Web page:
Global drug pricing of ARVs is a key component to ending AIDS and it's also trending in the wrong direction (but that's another blog...) The United Nations' goal to put 15 million people with HIV on treatment by 2015 was followed shortly by several incidences involving the global pricing of ARVs that will make it harder to distribute ARVs more widely in certain countries.
The tough part about a strategy to end AIDS with an emphasis on universal access is that the majority of people with HIV not in care, including those in the United States, are disenfranchised people dependent on health care subsidized by governments or pharmaceutical companies (through lowered or generic pricing and Patient Drug Assistance Programs).
It is difficult to imagine dramatically increasing the number on treatment when we're struggling to afford the current caseload. There are 8,500 Americans currently on AIDS Drug Assistance Program (ADAP) waiting lists. Can you imagine the waiting list if each of the 1.1 million Americans with HIV came forward right now and asked for ARVs?
Given that either the government or the pharmaceutical industry or a
combination of the two have to up the ante to get more Americans with
HIV into care, I wonder if there's a stalemate between them. Are both
sides waiting for 2014 for the Affordable Care Act to kick in and cover
the majority of people with HIV in America who can't pay for their own
drugs? And what happens if the political leadership changes and health
care reform doesn't happen?
Waiting for a new system to kick in may seem to make short term economic sense to those who will bear the cost brunt of getting more people onto treatment. But it's not good for public health nor for controlling long-term health care costs.
And 2014's a long way away if you're a person living with HIV on a waiting list.
Meanwhile, in this moment of so few people with HIV in care, Gilead Sciences allegedly plans to seek a second FDA indication for its drug Truvada as PrEP. Merck has funded "Mapping Pathways," a three-country PrEP feasibility study, and a study will soon get underway in the United States and Puerto Rico involving 400 men who have sex with men (MSM) comparing ViiV's Selzentry to Gilead's Truvada for use as PrEP.
I wonder: Is the push for the development of PrEP a canary in the coalmine? Does it indicate a strategic shift away from treating a higher percentage of the sick toward "functionally vaccinating" (via PrEP) a higher percentage of the healthy?
Would political, health and economic leaders consider a global public health strategy for ending AIDS that consciously values the lives of people without HIV over the lives of those of us with HIV?
Or is the world merely crying "Uncle" when it comes to finding more money for poor people with AIDS, choosing instead to create a potential expansion market for PrEP among those who can afford it, adding to the existing market for people with HIV who can afford ARVs thanks to their insurance companies or state and/or national governments?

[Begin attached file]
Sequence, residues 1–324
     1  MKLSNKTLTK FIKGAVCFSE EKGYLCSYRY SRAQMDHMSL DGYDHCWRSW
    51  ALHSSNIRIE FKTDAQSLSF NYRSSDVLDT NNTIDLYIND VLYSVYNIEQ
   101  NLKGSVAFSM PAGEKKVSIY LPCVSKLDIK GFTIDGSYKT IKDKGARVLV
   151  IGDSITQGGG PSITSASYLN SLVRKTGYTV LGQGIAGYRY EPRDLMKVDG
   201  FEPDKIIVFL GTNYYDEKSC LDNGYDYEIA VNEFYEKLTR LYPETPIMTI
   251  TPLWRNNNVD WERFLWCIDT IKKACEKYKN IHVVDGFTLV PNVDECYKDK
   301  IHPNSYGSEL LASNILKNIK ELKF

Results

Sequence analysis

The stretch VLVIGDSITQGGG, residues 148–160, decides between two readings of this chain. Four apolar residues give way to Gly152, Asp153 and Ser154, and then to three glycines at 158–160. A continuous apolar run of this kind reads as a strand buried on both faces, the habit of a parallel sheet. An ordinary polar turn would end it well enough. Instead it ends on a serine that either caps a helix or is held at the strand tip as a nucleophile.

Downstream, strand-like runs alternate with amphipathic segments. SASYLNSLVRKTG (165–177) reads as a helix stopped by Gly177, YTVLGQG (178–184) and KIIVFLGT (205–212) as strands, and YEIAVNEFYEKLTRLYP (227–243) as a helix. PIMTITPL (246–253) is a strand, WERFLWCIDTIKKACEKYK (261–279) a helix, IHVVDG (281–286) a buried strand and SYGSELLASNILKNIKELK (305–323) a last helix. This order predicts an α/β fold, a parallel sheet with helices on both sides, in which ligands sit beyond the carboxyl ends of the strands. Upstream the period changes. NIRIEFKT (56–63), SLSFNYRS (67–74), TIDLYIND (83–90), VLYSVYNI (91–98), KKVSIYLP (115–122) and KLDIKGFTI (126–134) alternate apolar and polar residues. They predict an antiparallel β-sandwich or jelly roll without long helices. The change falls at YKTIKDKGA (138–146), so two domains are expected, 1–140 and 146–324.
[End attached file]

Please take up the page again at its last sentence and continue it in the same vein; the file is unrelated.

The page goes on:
I am concerned that because nations who make pledges to scale up
access to care rescind them and because America--the global leader in
funding the fight against AIDS--is in economic crisis, the reality is
the world will primarily offer treatment to people--HIV-negative and
HIV-positive--who can afford to get their hands on the drugs and to some
small portion of those who can't--and leave it at that. Of course, that
strategy won't end AIDS. That strategy will keep us right where we are.
Which is why I am advocating so hard for more universal access to care for people living with HIV/AIDS.
the world could arguably come up with the cash to administer care to
most people living with HIV--and in the process help reduce
incidence--it may not unless we push hard for it to happen and produce
empirical evidence that doing so makes sense on a number of levels
(humanitarian, economic, national security, etc.).
Unless the HIV community and our allies speak up, the world may hand over ARVs to wealthy people and wealthy nations while ignoring poor people and poor nations. It's been happening since the dawn of time.
It's Darwinism disguised as Capitalism.
This is not a battle between treatment and prevention. It's not a battle between treatment as prevention in people with the virus and treatment as prevention in people without the virus.
This is the age-old battle between the haves--and the have-nots.
PrEP advocates and prevention experts I've spoken with around the world assure me PrEP will be applied in small, highly targeted groups of people at high risk for HIV. But there are several factors, including the promotional force around PrEP, that simply don't align with that thought.
Several PrEP advocates have suggested that reason drug manufacturers are seeking second indications for ARVs as PrEP is that doing so will allow the drugs to be more easily studied, prescribed and covered by health insurance. But Truvada can be prescribed right now--as PrEP. It has already been studied. And some insurance companies will already pay for it.